Skip to main content

Letter from… Bogotá

22 July 2020

By Juan Ulloa, Account Manager, SEC Newgate Colombia 

Colombia is going through its toughest moment since the day the first case of COVID-19 was reported in the country. The lockdown in March and April, as an early response to contain the spread of the virus, generated the highest levels of unemployment ever. This has led the National Government to gradually reopen most economic activities despite not having reached the epidemiological peak.

In parallel, the virus has begun to severely affect public health in six of the 33 regions which the country is divided into. This week, Colombia has reached fourth place of American continent countries with the most COVID-19 cases and deaths reported in one day, just below United States, Brazil, and Mexico, countries with triple the Colombian population.

Good news is the early lockdown made it possible for authorities to increase the capacity of the health system to attend to patients in serious or critical condition. The number of ICUs grew by more than 40% thanks to the purchase of ventilators in the international market and the express training of thousands of nurses and doctors.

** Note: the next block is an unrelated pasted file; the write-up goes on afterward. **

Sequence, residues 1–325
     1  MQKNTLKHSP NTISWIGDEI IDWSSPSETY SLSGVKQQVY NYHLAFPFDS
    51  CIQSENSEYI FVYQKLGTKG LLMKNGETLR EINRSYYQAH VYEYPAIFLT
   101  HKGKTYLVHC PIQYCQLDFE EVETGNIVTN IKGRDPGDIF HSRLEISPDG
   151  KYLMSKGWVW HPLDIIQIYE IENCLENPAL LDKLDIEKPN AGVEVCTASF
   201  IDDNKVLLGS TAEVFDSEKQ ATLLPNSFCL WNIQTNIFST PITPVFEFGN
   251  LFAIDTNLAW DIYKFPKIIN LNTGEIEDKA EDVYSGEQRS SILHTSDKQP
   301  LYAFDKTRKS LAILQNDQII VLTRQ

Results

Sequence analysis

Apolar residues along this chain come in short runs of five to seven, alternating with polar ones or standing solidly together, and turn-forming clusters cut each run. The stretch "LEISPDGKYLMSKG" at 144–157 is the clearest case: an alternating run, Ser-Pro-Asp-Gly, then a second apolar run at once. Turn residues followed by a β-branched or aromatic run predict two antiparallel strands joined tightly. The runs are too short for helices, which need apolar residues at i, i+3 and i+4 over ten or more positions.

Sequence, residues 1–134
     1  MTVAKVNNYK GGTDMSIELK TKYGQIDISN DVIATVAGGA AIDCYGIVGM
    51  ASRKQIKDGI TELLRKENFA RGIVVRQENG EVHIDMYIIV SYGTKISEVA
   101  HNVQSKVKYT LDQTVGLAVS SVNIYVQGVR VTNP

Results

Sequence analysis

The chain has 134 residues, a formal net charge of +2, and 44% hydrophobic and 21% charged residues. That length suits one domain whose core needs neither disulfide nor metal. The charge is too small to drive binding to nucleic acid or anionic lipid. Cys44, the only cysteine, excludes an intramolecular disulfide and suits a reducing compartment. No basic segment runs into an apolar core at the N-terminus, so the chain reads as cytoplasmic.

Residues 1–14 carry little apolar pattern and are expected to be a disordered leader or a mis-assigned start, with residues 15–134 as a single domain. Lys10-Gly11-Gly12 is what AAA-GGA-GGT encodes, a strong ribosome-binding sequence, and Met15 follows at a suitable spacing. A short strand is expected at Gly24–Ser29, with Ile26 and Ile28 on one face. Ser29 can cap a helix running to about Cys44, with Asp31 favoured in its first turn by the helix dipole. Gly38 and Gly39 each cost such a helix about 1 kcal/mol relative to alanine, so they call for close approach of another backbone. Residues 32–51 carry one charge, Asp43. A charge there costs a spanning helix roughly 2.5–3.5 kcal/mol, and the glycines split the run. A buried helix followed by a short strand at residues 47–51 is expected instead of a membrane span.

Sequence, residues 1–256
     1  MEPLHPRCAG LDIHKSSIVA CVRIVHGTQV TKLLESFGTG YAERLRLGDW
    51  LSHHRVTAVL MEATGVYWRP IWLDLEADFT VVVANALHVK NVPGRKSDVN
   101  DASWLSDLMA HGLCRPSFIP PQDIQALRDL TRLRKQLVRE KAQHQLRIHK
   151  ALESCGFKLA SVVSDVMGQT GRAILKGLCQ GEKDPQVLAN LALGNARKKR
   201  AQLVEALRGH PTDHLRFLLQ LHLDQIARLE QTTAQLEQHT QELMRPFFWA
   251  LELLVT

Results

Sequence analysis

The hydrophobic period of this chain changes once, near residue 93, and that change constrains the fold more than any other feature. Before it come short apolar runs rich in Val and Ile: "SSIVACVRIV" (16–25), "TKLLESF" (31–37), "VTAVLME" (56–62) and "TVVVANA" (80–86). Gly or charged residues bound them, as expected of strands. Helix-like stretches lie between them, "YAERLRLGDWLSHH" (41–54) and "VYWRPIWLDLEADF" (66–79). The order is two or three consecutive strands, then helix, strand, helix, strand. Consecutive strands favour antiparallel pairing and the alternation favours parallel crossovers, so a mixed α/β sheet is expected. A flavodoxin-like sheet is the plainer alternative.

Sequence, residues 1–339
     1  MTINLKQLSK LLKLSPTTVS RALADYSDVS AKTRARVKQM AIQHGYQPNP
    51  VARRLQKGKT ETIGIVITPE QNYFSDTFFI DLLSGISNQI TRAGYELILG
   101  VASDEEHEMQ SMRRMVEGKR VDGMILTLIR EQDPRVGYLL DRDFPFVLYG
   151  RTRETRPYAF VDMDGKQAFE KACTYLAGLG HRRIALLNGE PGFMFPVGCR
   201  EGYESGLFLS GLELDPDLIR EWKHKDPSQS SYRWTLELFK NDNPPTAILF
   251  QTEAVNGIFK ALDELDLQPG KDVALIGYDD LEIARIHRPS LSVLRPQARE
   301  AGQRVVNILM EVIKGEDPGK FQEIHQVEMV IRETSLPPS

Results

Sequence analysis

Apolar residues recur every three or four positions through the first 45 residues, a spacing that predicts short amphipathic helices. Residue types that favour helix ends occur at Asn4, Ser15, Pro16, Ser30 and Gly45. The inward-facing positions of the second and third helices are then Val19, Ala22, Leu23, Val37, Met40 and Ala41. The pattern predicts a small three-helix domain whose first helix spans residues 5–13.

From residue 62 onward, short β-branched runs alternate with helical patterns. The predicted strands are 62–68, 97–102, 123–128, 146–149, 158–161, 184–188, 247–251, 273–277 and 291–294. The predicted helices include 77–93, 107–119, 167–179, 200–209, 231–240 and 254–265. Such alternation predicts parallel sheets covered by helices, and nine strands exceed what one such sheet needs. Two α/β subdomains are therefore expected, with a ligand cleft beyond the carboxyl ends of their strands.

Likewise, Colombia amplified the PCR testing capacity to 30,000 units per day with the support of 98 diagnostic laboratories, which places the country as the second in the region, after Chile, with the highest number of tests applied.

Another positive fact is that economic sectors that have suffered the most because of the pandemic are developing biosafety protocols, which makes them ready to operate responsibly when the government approves it. This is the case with the aeronautical industry, which, even this week, will begin tests of passenger moving between medium-sized cities.

The reaction of the National Government in attending to the pandemic has been very focused. The economic opening in the territories in which there are no cases (or there are very few) is almost total, except for clubs, bars, concerts, or the like. On the other hand, in Bogotá, Medellín, and Barranquilla strict measures have been applied, the economic opening is partial, and the testing and tracing strategy is intense.

Authorities project that Colombia will reach the epidemiological peak by the end of August. For that reason, an economic recovery is expected in an L shape, as long as there are no spikes at the end of the year.